Mexico: Biogaphy of Power [NOOK Book]

Overview

The concentration of power in the caudillo (leader) is as much a formative element of Mexican culture and politics as the historical legacy of the Aztec emperors, Cortez, the Spanish Crown, the Mother Church and the mixing of the Spanish and Indian population into a mestizo culture. Krauze shows how history becomes biography during the century of caudillos from the insurgent priests in 1810 to Porfirio and the Revolution in 1910. The Revolutionary era, ending in 1940, was dominated by the lives of seven ...

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Mexico: Biogaphy of Power

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Overview

The concentration of power in the caudillo (leader) is as much a formative element of Mexican culture and politics as the historical legacy of the Aztec emperors, Cortez, the Spanish Crown, the Mother Church and the mixing of the Spanish and Indian population into a mestizo culture. Krauze shows how history becomes biography during the century of caudillos from the insurgent priests in 1810 to Porfirio and the Revolution in 1910. The Revolutionary era, ending in 1940, was dominated by the lives of seven presidents -- Madero, Zapata, Villa, Carranza, Obregon, Calles and Cardenas. Since 1940, the dominant power of the presidency has continued through years of boom and bust and crisis. A major question for the modern state, with today's president Zedillo, is whether that power can be decentralized, to end the cycles of history as biographies of power.

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Product Details

  • ISBN-13: 9780062285263
  • Publisher: HarperCollins Publishers
  • Publication date: 4/9/2013
  • Sold by: HARPERCOLLINS
  • Format: eBook
  • Pages: 896
  • Sales rank: 391,312
  • File size: 9 MB

Meet the Author

Enrique Krauze is the author of twenty books, including Mexico: Biography of Power. He has written for The New York Times, The New Republic, Dissent magazine, The Washington Post, and The New York Review of Books. Krauze lives in Mexico City.

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Customer Reviews

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Sort by: Showing all of 5 Customer Reviews
  • Anonymous

    Posted October 31, 2000

    A great read!

    Certainly a replete look at Mexico's history and an engaging read. Krauze uses facts and sometimes very obscure statistics to spice up his biography of power. His portraits of the various leaders are always fascinating and rarely do you come across boring passages (though the parts on the Mexican labour movement and the union struggles are sometimes hard to follow). His chapter on Aleman and the solidification of PRI control is essential reading as far as I'm concerned. One point I had trouble accepting in this book is that racism is no longer a major factor in Mexico, as it is say in other Latin American countries. Krauze argues that because the Spaniards mixed with the Indians early on in the Conquest, the process of 'mestizaje' became part of Mexico's cultural ethos. The proof, he says, is that the majority of Mexico's citizens are mestizos. This is definitely true; mestizos are the majority. But in areas that have been traditionally Indian, like in the south, racial conflicts continue today as they did three hundred years ago. Indians are still treated with contempt in many parts of Mexico, especially in the capital, and Mexico City's poorest neighborhoods are mostly populated with campesinos (Indian peasants) who have recently arrived to the big city in hopes of finding work. The ruling class, though not entirely white, is typically made up of creoles and people of European decent. The 'frecas,' for instance, the spoiled rich kids of the upper-middle class, have their own bars, their own schools and their own colonias. The frecas may not always be 100 percent white, but then they spend a great deal of money making themselves look white (with plastic surgery, colored eye contacts and hair dyes). In other words, being white -- or at least looking white -- is still important to Mexicans, even though the first Indian president took office about 140 years ago. This may not be entirely connected to the Spanish colonial legacy and may in fact reflect American influences, but nonetheless you'd be hard pressed finding a white cleaning lady in Mexico. Those jobs still go to the Indian people. Otherwise the book is flawless.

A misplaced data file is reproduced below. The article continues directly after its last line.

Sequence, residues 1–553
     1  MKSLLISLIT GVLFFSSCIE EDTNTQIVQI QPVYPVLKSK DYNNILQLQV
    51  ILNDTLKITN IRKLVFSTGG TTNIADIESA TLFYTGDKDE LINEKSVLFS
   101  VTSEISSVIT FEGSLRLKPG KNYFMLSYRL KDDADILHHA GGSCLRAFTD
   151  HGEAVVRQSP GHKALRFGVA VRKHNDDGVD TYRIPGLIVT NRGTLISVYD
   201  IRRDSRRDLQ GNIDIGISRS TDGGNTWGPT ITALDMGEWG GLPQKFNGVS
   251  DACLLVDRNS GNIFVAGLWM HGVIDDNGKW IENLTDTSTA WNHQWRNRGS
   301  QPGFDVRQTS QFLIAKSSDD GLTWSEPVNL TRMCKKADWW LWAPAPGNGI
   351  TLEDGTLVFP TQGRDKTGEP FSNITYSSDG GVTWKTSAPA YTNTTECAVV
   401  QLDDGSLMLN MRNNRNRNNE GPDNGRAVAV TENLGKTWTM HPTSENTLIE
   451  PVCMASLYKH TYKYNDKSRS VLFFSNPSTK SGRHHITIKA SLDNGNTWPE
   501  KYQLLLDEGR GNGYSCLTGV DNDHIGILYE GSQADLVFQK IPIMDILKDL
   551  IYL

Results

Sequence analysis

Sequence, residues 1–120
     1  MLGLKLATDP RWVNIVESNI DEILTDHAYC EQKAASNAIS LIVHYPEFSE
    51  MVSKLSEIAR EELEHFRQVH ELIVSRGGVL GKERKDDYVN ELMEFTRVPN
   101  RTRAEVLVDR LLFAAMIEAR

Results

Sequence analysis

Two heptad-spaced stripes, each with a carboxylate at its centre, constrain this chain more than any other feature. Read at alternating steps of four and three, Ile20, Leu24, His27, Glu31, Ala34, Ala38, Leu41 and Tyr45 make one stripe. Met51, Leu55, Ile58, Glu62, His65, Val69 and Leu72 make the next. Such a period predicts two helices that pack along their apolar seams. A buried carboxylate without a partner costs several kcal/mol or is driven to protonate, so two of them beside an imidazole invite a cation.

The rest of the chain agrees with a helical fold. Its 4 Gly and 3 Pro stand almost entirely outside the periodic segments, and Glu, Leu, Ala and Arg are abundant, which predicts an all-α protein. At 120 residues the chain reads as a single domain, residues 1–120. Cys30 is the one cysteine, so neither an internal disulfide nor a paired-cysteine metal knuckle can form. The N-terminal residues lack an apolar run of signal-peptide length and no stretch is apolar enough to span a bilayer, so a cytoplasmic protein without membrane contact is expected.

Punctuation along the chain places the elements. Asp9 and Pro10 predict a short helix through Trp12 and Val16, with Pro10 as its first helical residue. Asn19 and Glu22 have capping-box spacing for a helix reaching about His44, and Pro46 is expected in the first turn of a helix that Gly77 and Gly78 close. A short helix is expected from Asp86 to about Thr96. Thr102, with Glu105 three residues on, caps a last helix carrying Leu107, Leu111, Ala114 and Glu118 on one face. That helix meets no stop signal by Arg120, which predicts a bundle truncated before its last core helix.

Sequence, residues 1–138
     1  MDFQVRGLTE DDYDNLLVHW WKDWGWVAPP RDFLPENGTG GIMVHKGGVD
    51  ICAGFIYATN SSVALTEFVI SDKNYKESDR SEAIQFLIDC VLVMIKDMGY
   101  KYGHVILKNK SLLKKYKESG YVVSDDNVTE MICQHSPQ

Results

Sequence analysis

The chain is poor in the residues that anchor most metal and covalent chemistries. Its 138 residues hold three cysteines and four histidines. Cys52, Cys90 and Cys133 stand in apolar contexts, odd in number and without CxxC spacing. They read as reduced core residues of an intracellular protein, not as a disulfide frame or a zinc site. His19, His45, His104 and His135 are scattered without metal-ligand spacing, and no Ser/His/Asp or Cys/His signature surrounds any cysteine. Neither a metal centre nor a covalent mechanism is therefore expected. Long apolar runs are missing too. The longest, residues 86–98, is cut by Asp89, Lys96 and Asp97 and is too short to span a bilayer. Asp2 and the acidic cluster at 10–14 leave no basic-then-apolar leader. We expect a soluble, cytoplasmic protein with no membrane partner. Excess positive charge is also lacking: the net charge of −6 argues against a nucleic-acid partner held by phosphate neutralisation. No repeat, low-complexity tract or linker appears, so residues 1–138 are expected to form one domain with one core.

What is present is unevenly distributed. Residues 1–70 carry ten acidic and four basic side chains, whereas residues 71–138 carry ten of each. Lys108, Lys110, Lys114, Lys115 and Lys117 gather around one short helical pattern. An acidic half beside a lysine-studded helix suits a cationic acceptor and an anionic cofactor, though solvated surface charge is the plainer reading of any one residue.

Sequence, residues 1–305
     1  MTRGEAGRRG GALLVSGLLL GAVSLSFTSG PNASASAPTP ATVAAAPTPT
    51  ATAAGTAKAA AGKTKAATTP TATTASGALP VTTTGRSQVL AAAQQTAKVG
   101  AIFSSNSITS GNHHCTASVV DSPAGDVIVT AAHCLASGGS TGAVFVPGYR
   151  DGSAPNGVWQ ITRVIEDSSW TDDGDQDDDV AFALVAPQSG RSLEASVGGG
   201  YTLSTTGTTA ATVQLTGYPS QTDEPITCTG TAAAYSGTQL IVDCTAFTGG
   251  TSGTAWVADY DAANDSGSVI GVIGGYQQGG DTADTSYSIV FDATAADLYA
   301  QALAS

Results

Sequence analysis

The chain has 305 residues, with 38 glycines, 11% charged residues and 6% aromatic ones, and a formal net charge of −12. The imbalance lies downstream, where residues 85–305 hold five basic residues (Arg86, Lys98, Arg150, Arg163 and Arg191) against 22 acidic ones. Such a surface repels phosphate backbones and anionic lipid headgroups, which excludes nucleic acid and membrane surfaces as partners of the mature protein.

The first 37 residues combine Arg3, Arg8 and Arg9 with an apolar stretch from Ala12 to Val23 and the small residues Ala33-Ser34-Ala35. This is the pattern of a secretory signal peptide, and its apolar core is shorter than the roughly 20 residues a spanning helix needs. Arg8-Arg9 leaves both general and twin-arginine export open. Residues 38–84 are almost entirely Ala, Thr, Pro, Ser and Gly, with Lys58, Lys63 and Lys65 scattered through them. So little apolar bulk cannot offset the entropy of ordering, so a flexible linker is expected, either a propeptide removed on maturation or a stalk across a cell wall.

1 out of 1 people found this review helpful.

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  • Anonymous

    Posted August 26, 2013

    Ashley

    Hy jake. -Ashley

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  • Anonymous

    Posted August 25, 2013

    Jake

    Hi Guys

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  • Anonymous

    Posted July 27, 2013

    I luv mexico

    Iwent to

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  • Posted February 16, 2009

    Great book on the history of Mexico!

    I didn't read this book myself. I bought it for my Dad who is researching our family tree. Many of our relatives migrated to Mexico and grew from there. I gave this book to my Dad and he couldn't put it down! He's told me at least 3 different times that it is by far the best book he's ever read on Mexico. He highly recommends it!

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